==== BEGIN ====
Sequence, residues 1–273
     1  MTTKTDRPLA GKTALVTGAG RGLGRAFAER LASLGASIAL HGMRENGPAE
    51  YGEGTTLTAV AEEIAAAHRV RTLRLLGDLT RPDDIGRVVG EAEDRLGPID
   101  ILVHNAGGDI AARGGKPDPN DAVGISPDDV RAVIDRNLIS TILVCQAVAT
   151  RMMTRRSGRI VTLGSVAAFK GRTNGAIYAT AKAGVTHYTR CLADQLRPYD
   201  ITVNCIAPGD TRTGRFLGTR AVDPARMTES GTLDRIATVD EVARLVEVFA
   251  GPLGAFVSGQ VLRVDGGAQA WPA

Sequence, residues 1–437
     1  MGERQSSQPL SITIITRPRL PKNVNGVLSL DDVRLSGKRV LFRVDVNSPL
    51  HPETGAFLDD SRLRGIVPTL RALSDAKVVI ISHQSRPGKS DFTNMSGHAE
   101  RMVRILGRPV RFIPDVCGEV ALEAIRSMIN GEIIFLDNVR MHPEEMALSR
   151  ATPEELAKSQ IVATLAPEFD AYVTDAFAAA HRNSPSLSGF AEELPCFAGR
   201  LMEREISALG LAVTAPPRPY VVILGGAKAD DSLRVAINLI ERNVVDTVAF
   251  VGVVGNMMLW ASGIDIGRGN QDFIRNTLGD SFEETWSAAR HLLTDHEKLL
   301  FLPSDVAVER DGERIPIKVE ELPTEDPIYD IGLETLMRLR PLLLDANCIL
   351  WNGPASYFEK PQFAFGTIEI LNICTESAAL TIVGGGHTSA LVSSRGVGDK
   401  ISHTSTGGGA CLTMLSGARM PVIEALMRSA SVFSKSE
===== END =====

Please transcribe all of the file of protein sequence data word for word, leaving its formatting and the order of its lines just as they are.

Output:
Sequence, residues 1–273
     1  MTTKTDRPLA GKTALVTGAG RGLGRAFAER LASLGASIAL HGMRENGPAE
    51  YGEGTTLTAV AEEIAAAHRV RTLRLLGDLT RPDDIGRVVG EAEDRLGPID
   101  ILVHNAGGDI AARGGKPDPN DAVGISPDDV RAVIDRNLIS TILVCQAVAT
   151  RMMTRRSGRI VTLGSVAAFK GRTNGAIYAT AKAGVTHYTR CLADQLRPYD
   201  ITVNCIAPGD TRTGRFLGTR AVDPARMTES GTLDRIATVD EVARLVEVFA
   251  GPLGAFVSGQ VLRVDGGAQA WPA

Sequence, residues 1–437
     1  MGERQSSQPL SITIITRPRL PKNVNGVLSL DDVRLSGKRV LFRVDVNSPL
    51  HPETGAFLDD SRLRGIVPTL RALSDAKVVI ISHQSRPGKS DFTNMSGHAE
   101  RMVRILGRPV RFIPDVCGEV ALEAIRSMIN GEIIFLDNVR MHPEEMALSR
   151  ATPEELAKSQ IVATLAPEFD AYVTDAFAAA HRNSPSLSGF AEELPCFAGR
   201  LMEREISALG LAVTAPPRPY VVILGGAKAD DSLRVAINLI ERNVVDTVAF
   251  VGVVGNMMLW ASGIDIGRGN QDFIRNTLGD SFEETWSAAR HLLTDHEKLL
   301  FLPSDVAVER DGERIPIKVE ELPTEDPIYD IGLETLMRLR PLLLDANCIL
   351  WNGPASYFEK PQFAFGTIEI LNICTESAAL TIVGGGHTSA LVSSRGVGDK
   401  ISHTSTGGGA CLTMLSGARM PVIEALMRSA SVFSKSE